Equities are the go-to asset class as far as ultra-long-term returns are concerned.
Over the past 123 years, global equities have provided an annualised real return of 5 per cent in US dollar terms, while bonds have delivered 1.7 per cent and short-term bills just 0.4 per cent, according to Credit Suisse’s Global Investment Returns Yearbook 2023.
In collaboration with the London Business School, Credit Suisse has analysed over 100 years of returns for key asset classes in 35 countries.
“Equities have outperformed bonds, bills, and inflation in all 35 markets.
“Since 1900, world equities outperformed bills by 4.6 per cent per year and bonds by 3.3 per cent per year,” Credit Suisse said in a release.
Interestingly, since 1900, Australia has been the best-performing stock market in real US dollar terms, with an annualised real return of 6.43 per cent, just behind the US, at 6.38 per cent.
In the case of India, Credit Suisse has looked at data since 1953. Between 1953 and 2022, Indian equities have delivered inflation-adjusted annualised returns of 6.6 per cent, while bonds 0.3 per cent.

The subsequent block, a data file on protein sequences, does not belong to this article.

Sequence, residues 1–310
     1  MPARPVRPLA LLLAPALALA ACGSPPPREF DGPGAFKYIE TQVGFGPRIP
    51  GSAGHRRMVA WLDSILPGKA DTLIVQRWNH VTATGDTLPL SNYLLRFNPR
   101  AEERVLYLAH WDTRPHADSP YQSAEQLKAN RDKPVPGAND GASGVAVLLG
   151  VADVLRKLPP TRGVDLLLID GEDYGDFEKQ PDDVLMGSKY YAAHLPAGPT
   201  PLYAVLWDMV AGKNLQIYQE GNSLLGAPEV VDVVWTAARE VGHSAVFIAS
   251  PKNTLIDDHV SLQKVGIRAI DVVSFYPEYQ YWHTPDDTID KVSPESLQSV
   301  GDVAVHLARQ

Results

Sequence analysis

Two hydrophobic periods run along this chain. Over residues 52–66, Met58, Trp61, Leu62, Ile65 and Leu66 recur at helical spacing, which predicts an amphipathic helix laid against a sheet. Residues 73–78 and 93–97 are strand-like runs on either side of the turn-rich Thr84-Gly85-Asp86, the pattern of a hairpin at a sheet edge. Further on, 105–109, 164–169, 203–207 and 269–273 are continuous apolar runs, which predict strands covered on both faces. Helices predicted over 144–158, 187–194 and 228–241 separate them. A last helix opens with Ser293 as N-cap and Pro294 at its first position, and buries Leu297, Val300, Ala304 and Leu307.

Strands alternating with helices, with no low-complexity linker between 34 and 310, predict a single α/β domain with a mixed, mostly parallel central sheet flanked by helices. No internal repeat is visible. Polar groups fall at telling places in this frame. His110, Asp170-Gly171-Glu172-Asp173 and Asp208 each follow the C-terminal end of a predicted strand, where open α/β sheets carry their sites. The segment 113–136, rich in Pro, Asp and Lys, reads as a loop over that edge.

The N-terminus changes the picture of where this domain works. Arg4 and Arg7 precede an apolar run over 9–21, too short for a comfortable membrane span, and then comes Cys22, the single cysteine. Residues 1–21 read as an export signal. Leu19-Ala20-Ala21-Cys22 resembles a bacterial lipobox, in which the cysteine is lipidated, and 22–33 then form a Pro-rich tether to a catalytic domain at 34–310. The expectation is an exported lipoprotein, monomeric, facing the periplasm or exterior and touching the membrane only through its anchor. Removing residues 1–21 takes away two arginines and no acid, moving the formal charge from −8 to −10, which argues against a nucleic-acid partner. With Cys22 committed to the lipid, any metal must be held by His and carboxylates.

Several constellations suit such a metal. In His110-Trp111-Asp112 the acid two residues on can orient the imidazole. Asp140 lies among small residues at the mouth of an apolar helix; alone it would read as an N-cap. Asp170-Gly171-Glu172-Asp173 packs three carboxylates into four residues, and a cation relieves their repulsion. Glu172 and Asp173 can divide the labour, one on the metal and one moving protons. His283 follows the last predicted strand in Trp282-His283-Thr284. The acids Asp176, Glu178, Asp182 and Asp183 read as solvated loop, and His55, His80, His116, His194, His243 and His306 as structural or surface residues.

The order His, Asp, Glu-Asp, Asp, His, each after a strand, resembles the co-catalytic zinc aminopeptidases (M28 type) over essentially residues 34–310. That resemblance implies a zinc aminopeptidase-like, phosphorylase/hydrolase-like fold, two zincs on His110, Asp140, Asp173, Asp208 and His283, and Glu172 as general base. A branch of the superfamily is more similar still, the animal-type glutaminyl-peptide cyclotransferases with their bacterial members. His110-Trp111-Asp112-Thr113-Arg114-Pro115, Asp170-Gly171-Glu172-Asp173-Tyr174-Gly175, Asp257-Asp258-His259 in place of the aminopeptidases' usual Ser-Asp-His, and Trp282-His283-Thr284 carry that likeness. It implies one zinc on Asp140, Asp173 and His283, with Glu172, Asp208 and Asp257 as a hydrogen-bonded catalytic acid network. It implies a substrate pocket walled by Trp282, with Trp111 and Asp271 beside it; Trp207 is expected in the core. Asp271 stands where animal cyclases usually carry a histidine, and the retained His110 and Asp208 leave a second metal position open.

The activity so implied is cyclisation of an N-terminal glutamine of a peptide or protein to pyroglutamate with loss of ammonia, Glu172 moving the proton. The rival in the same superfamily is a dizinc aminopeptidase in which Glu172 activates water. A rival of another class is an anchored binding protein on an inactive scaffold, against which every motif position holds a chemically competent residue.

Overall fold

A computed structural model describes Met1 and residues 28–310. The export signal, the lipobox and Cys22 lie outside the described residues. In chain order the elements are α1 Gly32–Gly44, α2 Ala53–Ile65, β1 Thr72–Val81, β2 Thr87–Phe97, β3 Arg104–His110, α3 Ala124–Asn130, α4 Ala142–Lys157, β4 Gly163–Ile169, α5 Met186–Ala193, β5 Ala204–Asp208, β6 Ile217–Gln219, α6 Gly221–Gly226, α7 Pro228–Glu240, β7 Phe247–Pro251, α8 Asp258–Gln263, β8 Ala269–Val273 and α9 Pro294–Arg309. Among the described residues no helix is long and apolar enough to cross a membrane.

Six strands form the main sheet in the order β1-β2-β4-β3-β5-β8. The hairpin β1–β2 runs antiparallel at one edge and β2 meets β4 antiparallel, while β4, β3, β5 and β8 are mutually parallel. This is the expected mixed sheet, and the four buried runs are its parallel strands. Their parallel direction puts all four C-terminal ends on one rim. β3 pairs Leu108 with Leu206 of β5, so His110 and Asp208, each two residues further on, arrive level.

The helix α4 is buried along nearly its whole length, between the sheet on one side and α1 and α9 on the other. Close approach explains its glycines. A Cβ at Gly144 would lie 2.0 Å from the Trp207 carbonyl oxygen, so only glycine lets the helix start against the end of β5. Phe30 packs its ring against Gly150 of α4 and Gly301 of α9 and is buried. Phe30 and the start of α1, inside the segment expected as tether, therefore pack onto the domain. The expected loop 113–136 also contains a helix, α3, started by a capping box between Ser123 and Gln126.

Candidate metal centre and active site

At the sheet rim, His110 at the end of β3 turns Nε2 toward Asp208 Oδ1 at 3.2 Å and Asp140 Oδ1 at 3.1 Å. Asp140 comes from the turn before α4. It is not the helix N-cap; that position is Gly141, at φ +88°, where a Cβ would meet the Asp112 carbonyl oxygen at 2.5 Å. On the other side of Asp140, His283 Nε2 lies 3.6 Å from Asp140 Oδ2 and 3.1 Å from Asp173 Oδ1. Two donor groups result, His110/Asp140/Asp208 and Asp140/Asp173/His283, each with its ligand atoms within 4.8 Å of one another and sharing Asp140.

While the base year for the benchmark S&P BSE Sensex is 1978, the study has looked at annual data for the Reserve Bank of India Ordinary Share Price Index, which is based on portfolios of stocks from different stock exchanges and industries.
Annualised equity and bond returns have improved over the past two decades, to 10.4 per cent and 1.3 per cent, respectively. Between 1973 and 2022, they were 7.4 per cent for equities and 1.3 per cent for bonds, reveals the study.
Inflation was the special focus of the latest yearbook.
“By the end of 2022, average inflation across the yearbook countries was 8 per cent, 19x higher than at the end of 2020,” notes Credit Suisse, adding that whenever inflation shoots past 8 per cent, it takes multiple years for it to revert to the mean.
The study shows that over the past 123 years, inflation has negatively impacted both bonds and equities.
Hence, “equities do not provide a hedge against inflation, notwithstanding claims to the contrary”.
It goes on to say that stocks and bonds are a good hedge for each other as they are mostly negatively correlated.
However, last calendar this correlation was broken.
“The hedge failed in 2022 as equities and bonds both fell due to inflation, sharp increases in real interest rates, and rate-hiking cycles.
“Bonds had their worst year ever in the US, the UK, Switzerland, and across developed markets,” observes Credit Suisse.
The yearbook also highlighted that historically, the returns on stocks and bonds have been much lower during hiking cycles than during easing cycles.
It also documented that during periods of stagflation, real equity and bond returns averaged minus 4.7 per cent and minus 9 per cent, respectively. While, in the case of stable growth, the average real returns were 15.1 per cent for equities and 8.8 per cent for bonds.
Stagflation is a period when economic growth is low and inflation high.
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